And in an era of ubiquitous corporate sponsorship, Joe Louis Arena is one of just three NHL arenas without such backing. It's hard to believe this new arena could escape its destiny as a branch of the Little Caesars marketing empire, possibly as "Hot 'N Ready" Place. (It would be ironic because hockey arenas are cold, get it?)
Some will argue you can't replace the nostalgia of short steps, trough-style urinals and the worst cell reception in the city. My co-worker even once called it "an 8-track in an iPod."
Wistful fans will point to the four Cups and will have to be dragged back up town. They cannot be reasoned with and will likely beg for the Joe to be renovated. (If that was going to happen, it already would have.) 
Regardless of how fans feel about the arena (which would be within close walking distance of many popular drinking establishments including Cheli's Chili), it's likely the media will feel more at home in a new Red Wings arena -- as long as those chosen architects remember to plan for a press box in this one.

Sunday, May 20, 2012

Dennis Rodman discusses post-NBA career for ESPN's 'Outside The Lines'

After emerging from the shadows of retirement for a return to The Palace to watch his first of the handful of pro jerseys he called tattoo blockers lifted to the rafters and his subsequent Hall of Fame enshrinement last August, Dennis Rodman has resided in relative obscurity, save for appearing last week in China to christen a statue dedicated to Stephon Marbury.
The biggest news, however, that Rodman has made since telling the world famed director Penny Marshall was directing a documentary about his life and he's just hoping to live long enough to see it, came recently after his lawyer claimed the former Bad Boy was penniless and ill.
Rodman was never quoted in the March child support proceedings. It's unclear if he plans to address those comments Sunday when he's the subject of a feature on ESPN's "Outside The Lines."
According to a press release from the four-letter network,other guests include one-time Lakers coach Kurt Rambis, who coached Rodman on the last legs of his NBA career in 1999; as well as a more relevant interview -- Tim Keown, who co-wrote Rodman's best-selling autobiography  “Bad As I Wanna Be" in 1997. (Rodman also starred in the made-for-TV adaptation a year later.)
"Sunday, the flamboyant Hall of Famer speaks candidly about life after basketball, and about allegations that he’s an alcoholic," the statement reads.
The episode airs at 9 a.m. on ESPN and replays at 10 a.m. on ESPN2. And if the preview is any indication, Rodman will continue bare his soul while being brutally honest about his lifestyle.
Click here to watch a preview of Dennis Rodman's interview on ESPN's "Outside The Lines."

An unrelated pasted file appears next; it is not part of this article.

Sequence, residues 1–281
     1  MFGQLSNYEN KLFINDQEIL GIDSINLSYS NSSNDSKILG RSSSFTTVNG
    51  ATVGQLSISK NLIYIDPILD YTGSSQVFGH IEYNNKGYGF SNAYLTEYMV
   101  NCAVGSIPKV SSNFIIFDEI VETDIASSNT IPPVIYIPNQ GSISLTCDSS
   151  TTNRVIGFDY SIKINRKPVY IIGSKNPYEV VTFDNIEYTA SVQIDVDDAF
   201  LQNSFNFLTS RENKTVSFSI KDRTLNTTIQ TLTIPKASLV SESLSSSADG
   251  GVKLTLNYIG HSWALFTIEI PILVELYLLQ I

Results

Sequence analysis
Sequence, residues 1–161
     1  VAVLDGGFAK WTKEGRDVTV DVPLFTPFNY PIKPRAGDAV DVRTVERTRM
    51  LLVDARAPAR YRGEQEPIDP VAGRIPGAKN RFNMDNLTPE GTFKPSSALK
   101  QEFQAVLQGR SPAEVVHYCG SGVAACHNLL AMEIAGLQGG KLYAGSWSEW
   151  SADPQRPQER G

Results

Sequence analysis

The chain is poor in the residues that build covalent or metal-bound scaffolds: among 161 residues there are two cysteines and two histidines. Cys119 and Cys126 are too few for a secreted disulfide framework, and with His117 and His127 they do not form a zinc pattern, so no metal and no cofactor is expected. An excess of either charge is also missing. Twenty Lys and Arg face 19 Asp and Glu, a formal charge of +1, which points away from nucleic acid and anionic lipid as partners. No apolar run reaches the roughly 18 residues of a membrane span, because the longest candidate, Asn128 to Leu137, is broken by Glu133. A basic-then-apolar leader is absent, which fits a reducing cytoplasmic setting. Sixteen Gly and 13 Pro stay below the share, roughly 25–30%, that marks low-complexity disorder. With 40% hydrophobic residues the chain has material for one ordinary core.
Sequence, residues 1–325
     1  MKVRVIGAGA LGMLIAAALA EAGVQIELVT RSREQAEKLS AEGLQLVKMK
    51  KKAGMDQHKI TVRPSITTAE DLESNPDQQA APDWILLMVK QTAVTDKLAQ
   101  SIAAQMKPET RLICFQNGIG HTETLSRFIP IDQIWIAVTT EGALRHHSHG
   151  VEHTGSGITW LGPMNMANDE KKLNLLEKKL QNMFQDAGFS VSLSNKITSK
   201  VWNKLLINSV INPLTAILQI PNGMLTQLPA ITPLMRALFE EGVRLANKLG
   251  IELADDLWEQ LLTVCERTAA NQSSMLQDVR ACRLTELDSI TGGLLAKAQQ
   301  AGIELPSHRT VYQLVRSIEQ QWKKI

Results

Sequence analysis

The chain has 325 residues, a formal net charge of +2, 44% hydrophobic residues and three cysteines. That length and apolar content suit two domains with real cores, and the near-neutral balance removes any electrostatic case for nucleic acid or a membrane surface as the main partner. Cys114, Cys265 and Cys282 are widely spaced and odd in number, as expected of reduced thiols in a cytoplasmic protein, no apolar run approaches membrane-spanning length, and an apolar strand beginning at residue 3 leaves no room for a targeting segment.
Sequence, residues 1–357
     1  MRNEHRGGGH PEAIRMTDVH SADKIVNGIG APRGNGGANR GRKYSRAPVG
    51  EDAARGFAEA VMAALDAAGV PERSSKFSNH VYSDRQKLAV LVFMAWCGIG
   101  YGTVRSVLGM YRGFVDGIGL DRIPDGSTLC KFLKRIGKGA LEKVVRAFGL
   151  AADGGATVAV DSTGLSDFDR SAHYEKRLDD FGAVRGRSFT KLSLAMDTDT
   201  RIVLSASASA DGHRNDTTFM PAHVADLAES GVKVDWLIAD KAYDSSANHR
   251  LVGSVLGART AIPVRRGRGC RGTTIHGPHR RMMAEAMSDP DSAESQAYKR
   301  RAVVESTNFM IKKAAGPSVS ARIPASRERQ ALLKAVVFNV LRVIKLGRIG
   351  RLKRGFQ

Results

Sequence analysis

Tuesday, May 15, 2012

Deal to sell booze at Michigan Stadium not expected to put school under the influence

If you're not already tired of beer by New Year's Day and you happen to be one of the more than 100,000 expected in attendance of Winter Classic featuring the Red Wings and Maple Leafs at Michigan Stadium, you may be able to get more beer during the game.
As expected, the University of Michigan has applied for a liquor license for the Winter Classic, which will be voted on Wednesday, CBS Detroit reports.
The site says the school has a temporary permit, but it doesn't cover such a large crowd.
The sale of so-called spirits inside the stadium is not likely to affect the tale-gating crowd, which is ubiquitous around Ann Arbor during college football season.
As you may know, alcohol sales aren't permitted at all college campuses in the United States.
A 2009 report by the Wall Street Journal examined alcohol sales on college campuses.
"Overall, about three dozen of the roughly 120 largest NCAA Division 1 schools allow beer sales inside their stadiums, though many limit sales to luxury suites, lounges or club-seating areas. In other cases, beer is available stadium-wide because a facility is owned by the city, the state or a local sports authority, and that body, not the school, establishes the alcohol policy. Most colleges, already struggling with underage drinking on campus, frown on beer sales in their stadiums."
It could take some effort to outfit concession stands with kegs and taps, but surely there would have to be a large assortment of Canadian brews to make Leafs fans feel at home. They are, after all, donating a large amount of money to the economy of Southeast Michigan for this shindig.